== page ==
On your trek to the top of Nyiragongo, you may come across a yawning fissure cut into the side of the volcano, as if a team of passing prospectors had raised their picks and cut into the rock in search of fortune. But these scars aren’t evidence of human exploitation; they’re the remains of Nyiragongo’s most recent act of destruction that it rained down upon the people who live in its shadow. 15 years ago, a stream of fast-moving lava burst forth not from the top of the volcano, but from its side, eventually reaching the nearby city of Goma – population 1 million – and forcing hundreds of thousands of residents to evacuate.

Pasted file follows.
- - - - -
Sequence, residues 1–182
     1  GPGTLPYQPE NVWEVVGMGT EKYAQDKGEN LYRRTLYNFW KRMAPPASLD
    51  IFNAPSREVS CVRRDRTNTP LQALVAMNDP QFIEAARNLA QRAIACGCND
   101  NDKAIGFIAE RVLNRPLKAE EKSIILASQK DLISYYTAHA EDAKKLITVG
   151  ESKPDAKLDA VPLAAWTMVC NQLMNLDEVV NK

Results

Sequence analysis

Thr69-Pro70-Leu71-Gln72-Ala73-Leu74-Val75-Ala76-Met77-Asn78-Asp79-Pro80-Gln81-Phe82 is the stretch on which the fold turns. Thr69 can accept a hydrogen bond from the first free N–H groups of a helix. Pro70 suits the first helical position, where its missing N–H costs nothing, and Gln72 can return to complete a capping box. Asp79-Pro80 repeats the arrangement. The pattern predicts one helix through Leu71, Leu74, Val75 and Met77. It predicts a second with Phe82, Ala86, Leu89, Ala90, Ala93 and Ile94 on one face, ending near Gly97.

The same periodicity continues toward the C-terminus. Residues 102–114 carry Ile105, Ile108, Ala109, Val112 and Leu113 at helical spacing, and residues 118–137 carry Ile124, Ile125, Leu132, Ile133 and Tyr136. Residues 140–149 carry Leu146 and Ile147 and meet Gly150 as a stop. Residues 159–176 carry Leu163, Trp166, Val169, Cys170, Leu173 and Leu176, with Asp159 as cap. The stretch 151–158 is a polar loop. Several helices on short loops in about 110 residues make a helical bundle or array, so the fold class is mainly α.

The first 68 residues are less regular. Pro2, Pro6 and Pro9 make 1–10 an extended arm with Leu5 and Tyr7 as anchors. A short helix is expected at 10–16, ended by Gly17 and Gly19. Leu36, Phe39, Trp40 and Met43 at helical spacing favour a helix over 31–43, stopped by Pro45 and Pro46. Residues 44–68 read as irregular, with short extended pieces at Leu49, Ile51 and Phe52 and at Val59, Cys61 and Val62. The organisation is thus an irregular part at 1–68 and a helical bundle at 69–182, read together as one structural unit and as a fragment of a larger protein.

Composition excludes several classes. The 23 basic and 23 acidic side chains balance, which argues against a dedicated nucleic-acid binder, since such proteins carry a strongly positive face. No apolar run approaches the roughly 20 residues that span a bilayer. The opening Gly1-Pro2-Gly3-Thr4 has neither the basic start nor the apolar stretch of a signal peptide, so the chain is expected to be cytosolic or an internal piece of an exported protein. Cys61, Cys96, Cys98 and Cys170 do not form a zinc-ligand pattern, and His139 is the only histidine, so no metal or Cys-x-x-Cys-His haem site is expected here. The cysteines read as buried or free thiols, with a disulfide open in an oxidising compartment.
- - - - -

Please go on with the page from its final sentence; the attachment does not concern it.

To walk the slopes of Nyiragongo is to indulge in both natural wonder and morbid curiosity. Beneath your feet rests an untold amount of liquid hot magma, bubbling up from the earth’s core to one day erupt into the open air. But most of the time this peak sits still, plumes drifting from its top, ambiguous smoke signals that both warn the wary adventurer and call to the intrepid. To stand upon its rim and look first into the earth’s boiling furnace, then across the swathes of green that make up Virunga National Park, is undoubtedly a once-in-a-lifetime experience.